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Numbers and financial data drives today's business world and Excel 2007: Financial Analysis can help decode this information. The proper understanding of these numbers, and the formulas behind them, can be the gateway to corporate and personal success. Microsoft MVP (Most Valuable Professional) Curt Frye teaches basic fluency in corporate finance, enabling users to see the meaning behind essential financial calculations. Curt explains how to review formulas to ensure they have the proper inputs, and shows how to interpret formula output. He also covers how to calculate leverage ratios and amortization and depreciation schedules, as well as forecast future growth. Exercise files accompany this course.
When you work with financial transactions, you will often encounter the term Amortization. It sounds complicated, but amortization is simply the gradual repayment of a debt in over time. Loans can be fully amortized, partially amortized, or negatively amortized. A fully amortized loan has payments that will pay off the entire principal and accumulated interest at the end of the loan's term. A partially amortized loan has payments that will pay off only a portion of the principal and accumulated interest. Many such loans have a large payment called a balloon payment after a set number of years.
In the case of a home loan, which usually runs 30 years, a borrower might have a balloon payment due at the end of the 15th year. You can also have balloon payments due at the end of loan's term. As an example of how amortization works, let's take a look at the example in the worksheet. So we have a $25,000,000 loan, probably not a home loan, at the rate of 4.9%, and it is going to be paid back over a term of 10 years. In the first example, we'll assume the loan is fully amortized, and it will be paid off at the end of the 10 year term.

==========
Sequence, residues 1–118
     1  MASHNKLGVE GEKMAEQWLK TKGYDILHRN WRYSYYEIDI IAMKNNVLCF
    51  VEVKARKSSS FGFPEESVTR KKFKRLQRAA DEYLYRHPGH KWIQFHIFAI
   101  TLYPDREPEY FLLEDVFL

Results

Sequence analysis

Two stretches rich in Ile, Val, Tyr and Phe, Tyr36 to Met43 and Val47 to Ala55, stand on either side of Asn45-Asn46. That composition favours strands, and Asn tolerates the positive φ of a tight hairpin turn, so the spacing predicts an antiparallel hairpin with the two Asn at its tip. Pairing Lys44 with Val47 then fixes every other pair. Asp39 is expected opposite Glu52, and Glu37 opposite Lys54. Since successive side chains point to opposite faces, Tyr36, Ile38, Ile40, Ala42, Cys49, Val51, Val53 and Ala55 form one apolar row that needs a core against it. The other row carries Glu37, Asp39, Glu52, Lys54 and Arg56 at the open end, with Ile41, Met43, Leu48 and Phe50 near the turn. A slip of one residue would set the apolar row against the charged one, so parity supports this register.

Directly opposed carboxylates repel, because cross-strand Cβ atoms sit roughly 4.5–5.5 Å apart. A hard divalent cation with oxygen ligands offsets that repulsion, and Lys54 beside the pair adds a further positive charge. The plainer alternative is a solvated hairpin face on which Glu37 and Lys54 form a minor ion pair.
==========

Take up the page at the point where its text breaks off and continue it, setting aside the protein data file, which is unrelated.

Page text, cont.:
In the second, that there is a Balloon Payment of $8,000,000 due at the end of the loan's term. When you calculate the monthly payments on the fully amortized loan, you will see that there will be $263,943.49 per month. On the other hand, when you have an $8, 000,000 Balloon Payment at the end of the loan's term, you have a monthly payment of $212,148.24. Now that difference of about $51,000 could make a very big difference for a company in terms of cash flow.
If they borrow the $25,000,000, and need to save every penny to make that investment work, then the $51,000 a month might make a huge difference. Amortization or the repayment of a debt in over time is the key concept behind loans. The borrower gets the use of the capital immediately, while the lender makes interest over the term of the loan. Most loans will be fully amortized, but there are still quite a few that are only partially amortized, and will have an unpaid balance unless the borrower makes a large payment to make up the unpaid amount.
A negatively amortized loan is a loan where the monthly payments do not cover the loans interest for that month. This type of lending is considered predatory and should be avoided.
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